Red Air: Telling important cross-cultural stories through artist collaboration


Red Air in the Pilbara

One of the most exciting things about the studio practice at the Goldberg Aberline Studio is the extraordinary collaborations that we have been part of over the last years. We love all of our collaborations, but one of our all time favourites was with the Warrie sisters from the Yindjibarndi Nation in the Pilbara. This project presented us with a very special and unique opportunity to combine our contemporary art practice with the art making techniques of an ancient culture.


Matthew Aberline, our creative lead, actually did part of his growing up in the Pilbara, and so was delighted to develop an idea with sisters Sharon and Kaye Warrie from the Cheedith Art Centre that explored the landscape of his childhood with First Nations artists.


“We wanted to create something very ancient, but something very modern. We wanted it to be as much about the past, as the future of Australia. In many ways, the work became a dance between our studio and the Warrie sisters, with our work responding to their paintings in a call and answer way. We wanted the work to ask - what will our national identity be in the future?" says Matthew.



We decided to create our own paintings that responded to Sharon and Kayes artworks. Four sets of eyes, painting the spirit of our land from different cultural experiences. We then pushed the colours and textures to create intensity and contrast through the wonders of digital technology and the printing process. Finally we knew we wanted the inflated forms to capture the grasses and seed pods of the landscape and cut a strong sharp silhouette during the day, and become enormous lanterns as night.


The Warrie Sisters, Sharon and Kaye

The finished work featured a collage of the Warrie Sisters and GAS’s works, imagined into impossibly large shapes across four inflatable artwork forms. The work premiered at the Enlighten Festival in Canberra - a test flight in which over 80,000 people interacted with the work in a two week window.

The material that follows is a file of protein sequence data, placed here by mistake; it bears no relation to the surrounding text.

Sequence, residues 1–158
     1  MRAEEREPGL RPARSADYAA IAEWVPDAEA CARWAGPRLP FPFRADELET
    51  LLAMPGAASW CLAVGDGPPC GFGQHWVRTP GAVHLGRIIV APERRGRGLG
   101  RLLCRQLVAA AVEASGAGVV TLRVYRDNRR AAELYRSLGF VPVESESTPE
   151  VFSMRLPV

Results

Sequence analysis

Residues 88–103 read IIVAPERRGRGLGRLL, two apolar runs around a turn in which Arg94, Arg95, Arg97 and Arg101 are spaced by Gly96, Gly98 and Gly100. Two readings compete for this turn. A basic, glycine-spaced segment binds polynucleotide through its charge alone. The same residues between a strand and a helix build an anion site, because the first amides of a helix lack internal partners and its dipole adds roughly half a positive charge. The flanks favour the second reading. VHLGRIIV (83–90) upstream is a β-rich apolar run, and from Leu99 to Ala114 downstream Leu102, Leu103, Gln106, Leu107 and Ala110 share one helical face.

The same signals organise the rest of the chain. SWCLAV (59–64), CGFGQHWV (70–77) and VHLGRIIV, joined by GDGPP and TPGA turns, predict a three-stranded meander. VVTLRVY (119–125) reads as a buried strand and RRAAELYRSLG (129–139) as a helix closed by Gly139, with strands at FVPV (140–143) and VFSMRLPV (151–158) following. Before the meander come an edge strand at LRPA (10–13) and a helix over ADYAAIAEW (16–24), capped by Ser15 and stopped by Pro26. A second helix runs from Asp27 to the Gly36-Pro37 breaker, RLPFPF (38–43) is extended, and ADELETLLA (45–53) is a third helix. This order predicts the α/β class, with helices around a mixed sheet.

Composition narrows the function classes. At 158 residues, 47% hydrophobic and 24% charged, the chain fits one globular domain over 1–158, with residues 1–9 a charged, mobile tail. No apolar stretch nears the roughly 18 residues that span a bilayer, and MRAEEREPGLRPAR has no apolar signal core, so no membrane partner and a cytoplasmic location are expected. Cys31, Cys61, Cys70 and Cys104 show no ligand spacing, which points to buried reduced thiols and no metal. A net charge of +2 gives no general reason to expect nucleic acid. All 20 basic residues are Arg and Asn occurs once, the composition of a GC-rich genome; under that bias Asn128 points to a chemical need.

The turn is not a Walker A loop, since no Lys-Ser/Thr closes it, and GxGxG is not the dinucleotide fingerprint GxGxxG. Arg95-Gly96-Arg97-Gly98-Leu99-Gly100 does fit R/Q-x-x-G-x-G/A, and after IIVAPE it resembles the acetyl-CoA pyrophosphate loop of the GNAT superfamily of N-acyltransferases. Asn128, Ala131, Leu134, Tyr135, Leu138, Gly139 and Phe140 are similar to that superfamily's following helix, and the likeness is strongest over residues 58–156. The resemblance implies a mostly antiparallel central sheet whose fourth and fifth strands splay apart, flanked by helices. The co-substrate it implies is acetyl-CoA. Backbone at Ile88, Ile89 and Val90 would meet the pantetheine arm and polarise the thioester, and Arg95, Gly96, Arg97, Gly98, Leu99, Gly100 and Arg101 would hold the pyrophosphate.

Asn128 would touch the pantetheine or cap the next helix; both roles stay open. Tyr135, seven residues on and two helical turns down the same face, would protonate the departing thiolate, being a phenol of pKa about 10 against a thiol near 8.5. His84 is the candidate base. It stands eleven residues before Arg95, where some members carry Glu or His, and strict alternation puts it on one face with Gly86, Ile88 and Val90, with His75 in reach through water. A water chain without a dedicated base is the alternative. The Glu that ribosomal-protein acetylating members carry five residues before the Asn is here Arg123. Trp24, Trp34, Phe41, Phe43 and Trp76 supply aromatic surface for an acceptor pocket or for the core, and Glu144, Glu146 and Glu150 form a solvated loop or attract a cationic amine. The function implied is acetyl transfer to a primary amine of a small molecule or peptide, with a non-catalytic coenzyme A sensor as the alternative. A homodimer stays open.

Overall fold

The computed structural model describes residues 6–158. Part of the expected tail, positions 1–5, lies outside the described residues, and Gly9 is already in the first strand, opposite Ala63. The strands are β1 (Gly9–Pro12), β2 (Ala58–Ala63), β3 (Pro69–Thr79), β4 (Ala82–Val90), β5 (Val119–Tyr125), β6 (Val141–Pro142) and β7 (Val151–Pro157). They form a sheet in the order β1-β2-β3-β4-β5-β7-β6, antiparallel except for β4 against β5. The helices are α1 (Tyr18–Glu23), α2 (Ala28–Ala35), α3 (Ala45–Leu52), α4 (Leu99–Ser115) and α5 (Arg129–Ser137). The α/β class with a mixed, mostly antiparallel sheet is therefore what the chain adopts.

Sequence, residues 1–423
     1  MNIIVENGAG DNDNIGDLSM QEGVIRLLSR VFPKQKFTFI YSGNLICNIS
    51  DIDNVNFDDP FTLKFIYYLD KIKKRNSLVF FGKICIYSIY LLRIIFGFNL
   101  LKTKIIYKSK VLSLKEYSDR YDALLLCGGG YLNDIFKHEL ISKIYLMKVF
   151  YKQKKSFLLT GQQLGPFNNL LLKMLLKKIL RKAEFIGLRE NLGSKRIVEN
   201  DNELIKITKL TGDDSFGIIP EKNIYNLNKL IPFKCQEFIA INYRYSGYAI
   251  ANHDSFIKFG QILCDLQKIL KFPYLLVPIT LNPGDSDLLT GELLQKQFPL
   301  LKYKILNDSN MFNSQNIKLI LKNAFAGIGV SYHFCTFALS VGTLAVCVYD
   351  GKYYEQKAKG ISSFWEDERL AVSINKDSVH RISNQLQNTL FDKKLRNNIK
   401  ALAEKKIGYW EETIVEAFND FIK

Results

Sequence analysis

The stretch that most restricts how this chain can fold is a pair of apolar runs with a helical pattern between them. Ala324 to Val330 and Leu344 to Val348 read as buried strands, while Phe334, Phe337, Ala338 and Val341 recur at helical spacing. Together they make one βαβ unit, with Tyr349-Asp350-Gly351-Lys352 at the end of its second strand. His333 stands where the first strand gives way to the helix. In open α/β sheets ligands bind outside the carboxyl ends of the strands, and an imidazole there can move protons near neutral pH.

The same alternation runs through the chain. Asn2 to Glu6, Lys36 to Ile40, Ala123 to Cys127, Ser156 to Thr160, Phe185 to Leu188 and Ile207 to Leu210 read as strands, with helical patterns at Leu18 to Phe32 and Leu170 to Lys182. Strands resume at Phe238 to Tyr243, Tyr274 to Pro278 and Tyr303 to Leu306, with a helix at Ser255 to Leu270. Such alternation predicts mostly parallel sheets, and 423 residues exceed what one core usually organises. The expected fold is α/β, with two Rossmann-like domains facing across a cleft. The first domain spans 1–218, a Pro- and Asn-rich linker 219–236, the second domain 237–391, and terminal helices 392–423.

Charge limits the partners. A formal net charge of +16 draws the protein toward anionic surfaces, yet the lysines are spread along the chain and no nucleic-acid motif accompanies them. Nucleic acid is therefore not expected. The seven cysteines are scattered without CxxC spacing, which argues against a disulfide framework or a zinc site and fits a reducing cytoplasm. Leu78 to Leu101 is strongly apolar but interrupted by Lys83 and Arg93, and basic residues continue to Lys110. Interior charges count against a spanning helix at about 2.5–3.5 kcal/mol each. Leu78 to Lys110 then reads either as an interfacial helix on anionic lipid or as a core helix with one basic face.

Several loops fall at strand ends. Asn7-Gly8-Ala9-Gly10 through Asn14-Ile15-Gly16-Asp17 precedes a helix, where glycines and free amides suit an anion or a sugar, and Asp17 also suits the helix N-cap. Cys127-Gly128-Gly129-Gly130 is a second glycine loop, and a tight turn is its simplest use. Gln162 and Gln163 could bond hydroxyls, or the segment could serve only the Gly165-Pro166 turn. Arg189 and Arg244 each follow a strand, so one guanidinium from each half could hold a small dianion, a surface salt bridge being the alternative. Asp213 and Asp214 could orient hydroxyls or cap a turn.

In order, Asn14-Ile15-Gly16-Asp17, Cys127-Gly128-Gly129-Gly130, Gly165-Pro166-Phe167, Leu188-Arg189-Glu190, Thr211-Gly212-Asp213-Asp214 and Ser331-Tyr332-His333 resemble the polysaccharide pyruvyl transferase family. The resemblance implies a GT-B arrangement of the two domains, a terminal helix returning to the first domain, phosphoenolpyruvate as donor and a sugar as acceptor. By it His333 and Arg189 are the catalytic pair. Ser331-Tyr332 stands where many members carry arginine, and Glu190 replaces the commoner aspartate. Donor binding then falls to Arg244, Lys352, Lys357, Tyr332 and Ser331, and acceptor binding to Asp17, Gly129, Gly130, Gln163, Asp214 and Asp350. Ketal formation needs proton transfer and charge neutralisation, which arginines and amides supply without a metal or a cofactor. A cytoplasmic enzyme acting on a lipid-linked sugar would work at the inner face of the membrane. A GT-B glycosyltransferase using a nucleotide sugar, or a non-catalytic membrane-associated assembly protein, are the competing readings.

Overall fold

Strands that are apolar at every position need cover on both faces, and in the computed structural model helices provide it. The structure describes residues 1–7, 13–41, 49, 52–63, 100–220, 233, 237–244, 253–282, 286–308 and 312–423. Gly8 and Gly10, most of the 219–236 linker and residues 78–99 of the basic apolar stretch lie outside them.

Red Air with the Warrie Sisters and community

“We always learn immensely about how viewers interact with the work in real time, how families with children interact is very different to how an older couple might interact. We try and create works that give space for different types of interaction,” says GAS Director Maurice Goldberg.

Red Air installed at Enlighten Festival, Canberra

The work has toured a range of capital cities in Australia - but one of the most memorable installations was in the Pilbara desert for the Karijini Experience, where the engineering of the work was put to an extreme test. We create everything in our studio ourselves and thanks to Maurice's background in architecture, we paid particular attention to the engineering and safety of the sculptural structures. Typically the works are all rated by an external engineer to 60kmph winds, with a complex internal webbing system that has an inbuilt high breaking load - but we were never expecting what would happen in the desert...


“We were warned of Willi Willi’s in the Pilbara - small tornadoes that are an expression of the resident spirits. One day, a Willi Willi hit the festival hub - and literally lifted up the enormous weighted marque before moving onto Red Air. It was incredible seeing the dust spiral up into the blue sky, and it took a moment to play with the inflatable forms of Red Air. Miraculously there was only the smallest tear in the biggest work (which was easily repaired), and the local community took it to be very auspicious. It meant the spirits were interested in what we were doing," says Matt.


The evolution of the work has included new architectural pieces created for Stonnington’s Glow Festival in Melbourne, and a gorgeous sound track of a First Nations woman gently singing with clap sticks - sung by Josie Alec, and produced by Richard Starr, a music producer based in Darwin. In the future, we’d like to return to Sharon and Kaye’s home in the desert and create a series of digital-add ons showing their lives in that specular landscape. We’re looking forward to exploring the ideas of language, their sister hood, and the idea of nations in a deeper way in the next development of the work.


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Photos of the Warrie Sisters by Chris Gurney Courtesy of Ngarluma Yindjibarndi Foundation


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